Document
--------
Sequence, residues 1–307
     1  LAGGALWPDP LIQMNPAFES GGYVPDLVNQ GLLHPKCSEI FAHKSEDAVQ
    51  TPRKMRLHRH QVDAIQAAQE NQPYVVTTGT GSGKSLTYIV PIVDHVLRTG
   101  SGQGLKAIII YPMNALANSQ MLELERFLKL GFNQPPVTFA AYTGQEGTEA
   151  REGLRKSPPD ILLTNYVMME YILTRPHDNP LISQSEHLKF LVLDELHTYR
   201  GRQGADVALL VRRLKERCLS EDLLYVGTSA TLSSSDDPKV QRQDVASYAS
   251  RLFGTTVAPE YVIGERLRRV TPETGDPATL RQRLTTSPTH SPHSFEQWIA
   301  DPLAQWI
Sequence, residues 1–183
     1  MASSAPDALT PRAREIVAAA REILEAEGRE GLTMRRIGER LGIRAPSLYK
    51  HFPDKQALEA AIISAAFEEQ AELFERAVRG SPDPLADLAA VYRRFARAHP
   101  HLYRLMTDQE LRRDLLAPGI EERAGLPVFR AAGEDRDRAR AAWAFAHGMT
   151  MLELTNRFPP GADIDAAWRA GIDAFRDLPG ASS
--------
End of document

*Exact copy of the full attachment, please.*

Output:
Sequence, residues 1–307
     1  LAGGALWPDP LIQMNPAFES GGYVPDLVNQ GLLHPKCSEI FAHKSEDAVQ
    51  TPRKMRLHRH QVDAIQAAQE NQPYVVTTGT GSGKSLTYIV PIVDHVLRTG
   101  SGQGLKAIII YPMNALANSQ MLELERFLKL GFNQPPVTFA AYTGQEGTEA
   151  REGLRKSPPD ILLTNYVMME YILTRPHDNP LISQSEHLKF LVLDELHTYR
   201  GRQGADVALL VRRLKERCLS EDLLYVGTSA TLSSSDDPKV QRQDVASYAS
   251  RLFGTTVAPE YVIGERLRRV TPETGDPATL RQRLTTSPTH SPHSFEQWIA
   301  DPLAQWI
Sequence, residues 1–183
     1  MASSAPDALT PRAREIVAAA REILEAEGRE GLTMRRIGER LGIRAPSLYK
    51  HFPDKQALEA AIISAAFEEQ AELFERAVRG SPDPLADLAA VYRRFARAHP
   101  HLYRLMTDQE LRRDLLAPGI EERAGLPVFR AAGEDRDRAR AAWAFAHGMT
   151  MLELTNRFPP GADIDAAWRA GIDAFRDLPG ASS